Not really. For the past few years, Tesla tends to sell the car AT THE USD price around the world. What this means is that you, the international customer, takes on the currency risk.

So, if Brexit were to happen and the pound were to devalue to the point of 1USD:1GBP, then your statement will be true, otherwise, at 2USD:1GBP, your price will be 17,500 GBP. At the current exchange rate a Model 3 would cost 24,516 GBP.

Interestingly as well, there is no China premium in what Tesla sells its vehicles in China, so a Model S in China is actually competing with lower end luxury cars (vs. a 3 or 5 in BMW parlance vs. 7 in the US.)

(I don't know how Tesla does VAT for ex-US countries, but in the US, the pricing is before incentives and before taxes) (In California, where I am, that would mean that I would pay $35k to Tesla, 9% tax on that $35k to California (this changes based on county of domicile) and then I get the $7,500 from Federal (if I have a tax liability) and anywhere from $0 to $4,000 in California credit based on my income for the year that I purchase the vehicle (or is it the year prior, the law just changed.)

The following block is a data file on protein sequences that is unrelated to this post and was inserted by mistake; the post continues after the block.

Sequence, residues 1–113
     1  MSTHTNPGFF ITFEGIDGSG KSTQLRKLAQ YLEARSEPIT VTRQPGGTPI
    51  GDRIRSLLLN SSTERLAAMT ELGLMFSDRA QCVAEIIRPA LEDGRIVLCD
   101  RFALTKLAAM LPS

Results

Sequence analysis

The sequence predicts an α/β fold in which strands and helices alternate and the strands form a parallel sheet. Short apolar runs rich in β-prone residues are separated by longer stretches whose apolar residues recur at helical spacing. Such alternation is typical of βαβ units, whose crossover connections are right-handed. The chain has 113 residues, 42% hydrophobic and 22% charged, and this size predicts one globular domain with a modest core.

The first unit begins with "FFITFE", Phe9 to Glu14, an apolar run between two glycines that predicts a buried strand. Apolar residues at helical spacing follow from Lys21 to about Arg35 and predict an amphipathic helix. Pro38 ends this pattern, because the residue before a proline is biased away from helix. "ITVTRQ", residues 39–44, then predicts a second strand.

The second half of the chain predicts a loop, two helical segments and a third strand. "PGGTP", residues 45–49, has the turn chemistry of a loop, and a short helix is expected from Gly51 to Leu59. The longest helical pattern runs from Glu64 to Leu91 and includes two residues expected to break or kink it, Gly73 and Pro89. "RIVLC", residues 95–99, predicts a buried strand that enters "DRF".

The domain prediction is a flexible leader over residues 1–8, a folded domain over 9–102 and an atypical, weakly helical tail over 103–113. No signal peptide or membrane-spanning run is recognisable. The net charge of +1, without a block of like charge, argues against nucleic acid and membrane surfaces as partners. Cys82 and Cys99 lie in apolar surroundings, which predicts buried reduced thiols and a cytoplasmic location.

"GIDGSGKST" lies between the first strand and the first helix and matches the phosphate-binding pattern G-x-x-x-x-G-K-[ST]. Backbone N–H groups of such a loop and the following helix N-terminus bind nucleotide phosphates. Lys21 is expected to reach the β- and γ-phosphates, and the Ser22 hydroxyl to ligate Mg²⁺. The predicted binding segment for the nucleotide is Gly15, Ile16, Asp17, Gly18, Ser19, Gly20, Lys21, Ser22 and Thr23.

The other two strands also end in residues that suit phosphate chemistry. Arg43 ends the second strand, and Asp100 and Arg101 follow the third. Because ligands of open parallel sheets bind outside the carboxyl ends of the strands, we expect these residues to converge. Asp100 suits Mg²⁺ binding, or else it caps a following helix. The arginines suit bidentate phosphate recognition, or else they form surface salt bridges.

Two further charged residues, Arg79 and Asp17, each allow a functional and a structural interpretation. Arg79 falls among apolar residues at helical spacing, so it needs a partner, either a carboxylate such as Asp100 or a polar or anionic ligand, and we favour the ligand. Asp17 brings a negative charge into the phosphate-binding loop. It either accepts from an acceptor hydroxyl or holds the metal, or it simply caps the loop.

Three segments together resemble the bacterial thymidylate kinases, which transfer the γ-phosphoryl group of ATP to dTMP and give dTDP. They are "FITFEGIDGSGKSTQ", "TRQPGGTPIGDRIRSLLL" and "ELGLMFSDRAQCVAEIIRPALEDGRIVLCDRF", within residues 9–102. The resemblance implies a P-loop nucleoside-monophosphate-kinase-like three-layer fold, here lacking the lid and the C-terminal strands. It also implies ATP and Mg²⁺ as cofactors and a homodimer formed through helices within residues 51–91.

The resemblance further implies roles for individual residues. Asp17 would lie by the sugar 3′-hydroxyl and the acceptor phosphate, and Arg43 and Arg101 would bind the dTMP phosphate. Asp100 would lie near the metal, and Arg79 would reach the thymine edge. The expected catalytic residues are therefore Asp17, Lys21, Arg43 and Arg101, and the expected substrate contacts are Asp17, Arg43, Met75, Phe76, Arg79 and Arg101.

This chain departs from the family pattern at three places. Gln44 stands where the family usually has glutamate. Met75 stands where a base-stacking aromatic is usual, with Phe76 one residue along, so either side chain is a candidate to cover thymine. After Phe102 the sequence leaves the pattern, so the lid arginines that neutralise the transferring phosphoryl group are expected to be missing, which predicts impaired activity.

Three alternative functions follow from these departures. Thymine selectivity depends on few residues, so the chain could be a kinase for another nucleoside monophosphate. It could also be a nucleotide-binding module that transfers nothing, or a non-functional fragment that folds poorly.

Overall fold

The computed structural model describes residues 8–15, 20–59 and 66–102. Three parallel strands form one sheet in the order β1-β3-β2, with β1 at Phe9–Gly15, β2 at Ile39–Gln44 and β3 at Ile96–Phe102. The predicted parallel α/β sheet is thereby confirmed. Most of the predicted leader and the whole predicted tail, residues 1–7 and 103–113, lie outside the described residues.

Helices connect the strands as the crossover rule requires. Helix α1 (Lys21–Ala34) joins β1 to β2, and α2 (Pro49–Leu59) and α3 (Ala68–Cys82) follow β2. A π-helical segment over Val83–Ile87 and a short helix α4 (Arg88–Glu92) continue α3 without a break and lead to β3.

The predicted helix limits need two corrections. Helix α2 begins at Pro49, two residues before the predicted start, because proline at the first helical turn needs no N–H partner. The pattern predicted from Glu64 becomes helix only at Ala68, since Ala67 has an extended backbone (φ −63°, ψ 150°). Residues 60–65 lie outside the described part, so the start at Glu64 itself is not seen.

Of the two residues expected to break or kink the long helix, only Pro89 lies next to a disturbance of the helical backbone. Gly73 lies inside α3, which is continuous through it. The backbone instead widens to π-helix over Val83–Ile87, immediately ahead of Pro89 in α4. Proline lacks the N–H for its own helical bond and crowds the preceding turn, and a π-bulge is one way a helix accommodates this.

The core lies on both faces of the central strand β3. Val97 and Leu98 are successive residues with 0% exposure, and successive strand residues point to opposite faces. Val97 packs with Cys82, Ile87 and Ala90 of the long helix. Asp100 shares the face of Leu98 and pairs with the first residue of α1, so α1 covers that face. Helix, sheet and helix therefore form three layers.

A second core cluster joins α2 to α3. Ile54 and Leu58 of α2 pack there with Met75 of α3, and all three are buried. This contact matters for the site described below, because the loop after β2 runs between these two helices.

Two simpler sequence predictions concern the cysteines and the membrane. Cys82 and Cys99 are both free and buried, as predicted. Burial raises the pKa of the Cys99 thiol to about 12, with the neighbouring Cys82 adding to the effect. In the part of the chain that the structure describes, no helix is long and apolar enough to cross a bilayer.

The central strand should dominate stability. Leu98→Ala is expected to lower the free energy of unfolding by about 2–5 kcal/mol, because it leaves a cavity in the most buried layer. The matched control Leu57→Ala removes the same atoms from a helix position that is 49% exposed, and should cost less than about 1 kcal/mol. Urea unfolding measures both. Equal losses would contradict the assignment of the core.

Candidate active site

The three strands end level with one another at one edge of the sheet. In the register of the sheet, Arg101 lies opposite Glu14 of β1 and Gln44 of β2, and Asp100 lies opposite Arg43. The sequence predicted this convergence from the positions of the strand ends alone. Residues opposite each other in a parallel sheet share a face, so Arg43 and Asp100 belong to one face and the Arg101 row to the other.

Hope that helps.

I think high incentive in the US is currently the State of Colorado for EVs. With a car as expensive as an S or X, I believe it was New Jersey because there is no sales tax on EVs.
 

Englander

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#58
Not really. For the past few years, Tesla tends to sell the car AT THE USD price around the world. What this means is that you, the international customer, takes on the currency risk.